“[Uniqlo] has bucked the trend of offering a large number of SKUs and instead has focused on being known for making excellent basics that offer both good style and good function,” says Cavender. He notes that the Japanese company’s heat tech products remain well-loved while limited edition runs featuring cartoons and other collaborations keep things interesting for Chinese shoppers, who continue to crave the new and now.

时尚与美容
FASHION & BEAUTY

Louis Vuitton Archlight Sneakers | Source: Louis Vuitton

Louis Vuitton Sues Chinese Shoe Giant for Alleged Sneaker Knockoffs

The French luxury brand is taking legal action over its distinctive trainers, famously worn by the likes of Bella Hadid and Jaden Smith. Louis Vuitton has claimed that two subsidiaries of China’s Belle International — a Shenzhen-based conglomerate operating local chains Staccato and Joy & Peace — for infringing intellectual property rights attached to its Archlight shoes. Though the sum of damages requested has not been specified, Louis Vuitton is requesting that said products be removed from stores and destroyed, and for further infringements to be banned. A trial date has yet to be scheduled. (SCMP) 

On its Nasdaq Debut, Plastic Surgery App Draws Investors

On May 2, China’s hottest app So-Young made a strong trading debut and saw its shares surge 31.9 percent  The five-year-old Beijing-based company is a marketplace and social network for people seeking plastic surgery; while two-thirds of its revenue stems from advertising, the rest comes from bookings commissions. According to its prospectus, the Tencent-backed platform is now profitable and has connected 35 million users with over 30,000 doctors. Now boasting a market value of $1.8 billion, So-Young’s stock market success speaks volumes about China’s rapidly growing cosmetic services markets, which expected to surpass the US to become the largest market by 2021. (36Kr) 

Avon’s China Revenues See 20% Boost

The London-based beauty company recent released disappointing first quarter figures recently, revealing that revenues for the period hit $1.186 billion, down 14.8 percent year-on-year with a net loss of $32.7 million. Though revenues for Europe, the Middle East and Africa numbered $457.7 billion (down 19 percent year-on-year), Asia Pacific revenues increased by 3 percent to $115 million, whilst average order volumes increased by 19 percent. The company was keen to point out that due to the expansion of online channels such as Tmall, China revenues rose by 20 percent. (BoF China) 

科技与创新
TECH & INNOVATION

Source: Douyin

Douyin’s Overseas Success Brings $11 Million Home

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L’Occitane, Estée Lauder E-Commerce Operator Changes Hands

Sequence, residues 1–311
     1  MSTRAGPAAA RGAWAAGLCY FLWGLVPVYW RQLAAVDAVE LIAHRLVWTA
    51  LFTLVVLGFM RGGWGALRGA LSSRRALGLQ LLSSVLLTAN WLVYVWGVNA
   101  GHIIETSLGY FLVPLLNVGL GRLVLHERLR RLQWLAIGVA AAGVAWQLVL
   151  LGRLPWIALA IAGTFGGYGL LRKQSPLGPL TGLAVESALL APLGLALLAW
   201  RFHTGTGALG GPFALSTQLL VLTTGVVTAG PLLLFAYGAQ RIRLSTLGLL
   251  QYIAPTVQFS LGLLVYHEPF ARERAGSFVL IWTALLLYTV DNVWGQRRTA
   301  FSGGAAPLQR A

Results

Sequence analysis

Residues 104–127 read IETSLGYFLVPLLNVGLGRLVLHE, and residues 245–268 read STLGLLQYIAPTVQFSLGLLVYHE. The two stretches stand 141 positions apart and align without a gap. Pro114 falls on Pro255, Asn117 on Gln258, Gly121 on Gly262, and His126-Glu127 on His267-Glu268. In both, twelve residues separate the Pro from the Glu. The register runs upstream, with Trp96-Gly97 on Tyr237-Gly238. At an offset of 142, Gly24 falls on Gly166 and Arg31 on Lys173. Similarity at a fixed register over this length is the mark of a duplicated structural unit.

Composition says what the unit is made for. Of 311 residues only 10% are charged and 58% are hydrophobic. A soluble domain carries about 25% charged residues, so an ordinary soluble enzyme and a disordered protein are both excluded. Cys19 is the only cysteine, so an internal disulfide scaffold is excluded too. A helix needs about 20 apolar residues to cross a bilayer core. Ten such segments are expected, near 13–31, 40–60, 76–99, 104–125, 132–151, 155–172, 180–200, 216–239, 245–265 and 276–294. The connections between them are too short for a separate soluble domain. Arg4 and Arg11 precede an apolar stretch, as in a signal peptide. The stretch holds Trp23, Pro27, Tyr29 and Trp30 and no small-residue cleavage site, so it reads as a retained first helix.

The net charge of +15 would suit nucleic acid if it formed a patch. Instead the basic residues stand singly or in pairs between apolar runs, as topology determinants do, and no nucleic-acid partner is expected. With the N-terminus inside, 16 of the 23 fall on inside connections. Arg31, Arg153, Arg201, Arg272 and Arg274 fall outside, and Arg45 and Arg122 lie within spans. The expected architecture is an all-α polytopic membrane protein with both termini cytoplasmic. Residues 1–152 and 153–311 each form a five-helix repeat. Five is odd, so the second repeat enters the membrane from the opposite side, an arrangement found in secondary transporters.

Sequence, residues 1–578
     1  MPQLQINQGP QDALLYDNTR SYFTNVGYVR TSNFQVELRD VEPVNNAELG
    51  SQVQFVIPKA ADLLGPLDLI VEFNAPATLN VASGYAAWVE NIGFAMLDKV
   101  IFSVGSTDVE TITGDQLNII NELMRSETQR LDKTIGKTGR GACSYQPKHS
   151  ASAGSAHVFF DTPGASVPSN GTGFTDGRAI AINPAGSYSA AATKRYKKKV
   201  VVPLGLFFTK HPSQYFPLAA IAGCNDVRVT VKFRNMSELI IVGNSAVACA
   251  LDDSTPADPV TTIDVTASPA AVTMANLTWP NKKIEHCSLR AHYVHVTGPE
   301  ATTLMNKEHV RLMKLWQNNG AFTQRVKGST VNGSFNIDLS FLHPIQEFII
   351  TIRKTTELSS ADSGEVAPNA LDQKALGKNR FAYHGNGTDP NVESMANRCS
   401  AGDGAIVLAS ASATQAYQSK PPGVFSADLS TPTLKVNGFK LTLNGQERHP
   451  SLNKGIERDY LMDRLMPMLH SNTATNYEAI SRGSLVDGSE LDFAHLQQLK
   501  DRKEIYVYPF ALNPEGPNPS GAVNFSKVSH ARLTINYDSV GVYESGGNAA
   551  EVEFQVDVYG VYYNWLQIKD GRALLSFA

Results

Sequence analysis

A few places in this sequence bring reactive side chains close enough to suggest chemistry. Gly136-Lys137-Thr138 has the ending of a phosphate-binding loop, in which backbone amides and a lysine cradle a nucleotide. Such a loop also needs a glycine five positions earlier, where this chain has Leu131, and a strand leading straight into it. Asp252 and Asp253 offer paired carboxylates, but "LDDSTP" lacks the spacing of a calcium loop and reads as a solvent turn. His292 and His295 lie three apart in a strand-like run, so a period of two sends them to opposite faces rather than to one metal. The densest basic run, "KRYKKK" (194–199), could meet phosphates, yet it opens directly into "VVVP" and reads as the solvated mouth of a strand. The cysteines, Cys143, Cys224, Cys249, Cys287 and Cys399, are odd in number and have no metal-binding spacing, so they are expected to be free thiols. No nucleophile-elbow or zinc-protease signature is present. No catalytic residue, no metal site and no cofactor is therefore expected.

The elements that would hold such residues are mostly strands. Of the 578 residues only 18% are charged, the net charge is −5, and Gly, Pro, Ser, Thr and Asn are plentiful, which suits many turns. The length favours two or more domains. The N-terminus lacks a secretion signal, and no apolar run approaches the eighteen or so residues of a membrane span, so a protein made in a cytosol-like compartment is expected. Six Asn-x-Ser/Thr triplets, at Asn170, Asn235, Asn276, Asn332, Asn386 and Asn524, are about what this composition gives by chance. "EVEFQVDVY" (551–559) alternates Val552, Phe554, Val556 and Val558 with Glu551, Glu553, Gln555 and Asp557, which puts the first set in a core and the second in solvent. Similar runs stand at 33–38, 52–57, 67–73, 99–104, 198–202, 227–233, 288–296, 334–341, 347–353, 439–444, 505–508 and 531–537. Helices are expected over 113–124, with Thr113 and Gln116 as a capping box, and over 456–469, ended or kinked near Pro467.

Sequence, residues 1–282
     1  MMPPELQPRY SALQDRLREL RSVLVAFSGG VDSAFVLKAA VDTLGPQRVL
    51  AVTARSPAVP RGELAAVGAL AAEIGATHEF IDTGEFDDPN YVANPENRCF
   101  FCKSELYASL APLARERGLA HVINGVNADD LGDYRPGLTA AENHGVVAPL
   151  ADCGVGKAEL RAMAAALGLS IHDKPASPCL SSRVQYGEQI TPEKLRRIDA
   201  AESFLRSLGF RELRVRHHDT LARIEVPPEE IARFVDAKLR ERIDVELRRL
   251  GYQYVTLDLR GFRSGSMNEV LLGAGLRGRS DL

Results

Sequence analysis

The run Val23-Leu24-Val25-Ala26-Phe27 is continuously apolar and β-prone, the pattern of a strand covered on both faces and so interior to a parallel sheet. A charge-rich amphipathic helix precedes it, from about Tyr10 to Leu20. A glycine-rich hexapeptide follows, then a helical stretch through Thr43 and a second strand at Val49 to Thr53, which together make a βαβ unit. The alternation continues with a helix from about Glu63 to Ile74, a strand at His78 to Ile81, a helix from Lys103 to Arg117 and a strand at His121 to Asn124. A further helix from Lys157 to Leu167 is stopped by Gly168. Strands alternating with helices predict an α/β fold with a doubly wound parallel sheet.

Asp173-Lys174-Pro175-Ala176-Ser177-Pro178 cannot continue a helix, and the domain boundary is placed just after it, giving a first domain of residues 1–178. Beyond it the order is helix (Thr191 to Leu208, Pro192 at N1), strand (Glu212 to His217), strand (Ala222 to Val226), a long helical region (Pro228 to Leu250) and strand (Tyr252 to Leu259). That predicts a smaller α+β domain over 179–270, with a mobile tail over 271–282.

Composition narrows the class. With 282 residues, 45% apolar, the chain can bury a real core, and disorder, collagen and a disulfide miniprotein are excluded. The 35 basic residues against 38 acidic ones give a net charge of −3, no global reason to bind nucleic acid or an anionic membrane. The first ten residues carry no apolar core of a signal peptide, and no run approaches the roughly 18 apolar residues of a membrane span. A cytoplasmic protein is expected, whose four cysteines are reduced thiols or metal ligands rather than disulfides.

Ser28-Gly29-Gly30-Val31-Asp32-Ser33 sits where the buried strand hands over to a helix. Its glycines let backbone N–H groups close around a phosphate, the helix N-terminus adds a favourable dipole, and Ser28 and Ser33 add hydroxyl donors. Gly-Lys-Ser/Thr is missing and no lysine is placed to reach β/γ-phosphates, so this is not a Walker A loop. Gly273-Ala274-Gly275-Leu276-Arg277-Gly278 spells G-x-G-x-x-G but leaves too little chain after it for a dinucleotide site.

According to China Securities Network, private equity firm Citic Capital Holdings Co. has acquired Hangzhou-based UCO Cosmetics — a marketing and e-commerce service provider for beauty companies — for 1.4 billion yuan (around $206.5 million). UCO serves clients such as L’Occitane, Estée Lauder, Clinique, La Roche-Posay and LG. The acquisition highlights the growth that lies ahead for China’s beauty industry, especially where e-commerce is concerned. (Jiemian) 

Sequoia Capital Refutes Reports of 20% Staff Cut

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消费与零售
CONSUMER & RETAIL

Richard Liu, founder of JD.com | Source: Associated Press

WeChat Reportedly Censors Support for Student Accusing JD.com Tycoon of Rape

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With “Global Dream,” Alibaba Steps Up to Face Amazon

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Six Provinces Post Double Digit Retail Growth

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政治、经济、社会
POLITICS, ECONOMY, SOCIETY

Global Markets Hold Their Breath, Ahead of US-China Talks

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China Can Scale Its 2023 Population Peak

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Upskirt Pictures Spark Legal Battle in Hong Kong

It used to be the case that people caught taking upskirt photos in Hong Kong faced one-size-fits-all charges such as obtaining access to a computer with dishonest intent. On April 30, the city’s Law Reform Commission suggested that a new law be enacted to target voyeurism and taking upskirt photos, in order to cover both private and public offences. However, women’s rights groups and legal experts remain dubious, and argue that the proposed legislation fails to catch other sexual offences such as “downblousing” (taking photos down a woman’s top), or the sharing of photos taken without the subjects consent. (SCMP)